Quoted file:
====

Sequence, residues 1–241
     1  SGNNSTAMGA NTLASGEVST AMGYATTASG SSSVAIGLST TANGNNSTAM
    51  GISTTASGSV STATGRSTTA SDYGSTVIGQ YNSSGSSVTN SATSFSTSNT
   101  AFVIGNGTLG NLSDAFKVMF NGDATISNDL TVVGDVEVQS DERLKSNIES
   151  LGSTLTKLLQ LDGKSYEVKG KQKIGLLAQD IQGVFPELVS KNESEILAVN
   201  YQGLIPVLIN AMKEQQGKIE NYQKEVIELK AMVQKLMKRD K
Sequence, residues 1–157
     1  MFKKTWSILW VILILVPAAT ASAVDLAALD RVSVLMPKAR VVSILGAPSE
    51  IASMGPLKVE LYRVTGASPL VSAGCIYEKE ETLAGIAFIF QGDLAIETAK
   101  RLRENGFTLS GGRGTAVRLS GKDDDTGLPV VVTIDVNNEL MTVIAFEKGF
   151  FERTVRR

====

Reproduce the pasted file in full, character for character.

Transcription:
Sequence, residues 1–241
     1  SGNNSTAMGA NTLASGEVST AMGYATTASG SSSVAIGLST TANGNNSTAM
    51  GISTTASGSV STATGRSTTA SDYGSTVIGQ YNSSGSSVTN SATSFSTSNT
   101  AFVIGNGTLG NLSDAFKVMF NGDATISNDL TVVGDVEVQS DERLKSNIES
   151  LGSTLTKLLQ LDGKSYEVKG KQKIGLLAQD IQGVFPELVS KNESEILAVN
   201  YQGLIPVLIN AMKEQQGKIE NYQKEVIELK AMVQKLMKRD K
Sequence, residues 1–157
     1  MFKKTWSILW VILILVPAAT ASAVDLAALD RVSVLMPKAR VVSILGAPSE
    51  IASMGPLKVE LYRVTGASPL VSAGCIYEKE ETLAGIAFIF QGDLAIETAK
   101  RLRENGFTLS GGRGTAVRLS GKDDDTGLPV VVTIDVNNEL MTVIAFEKGF
   151  FERTVRR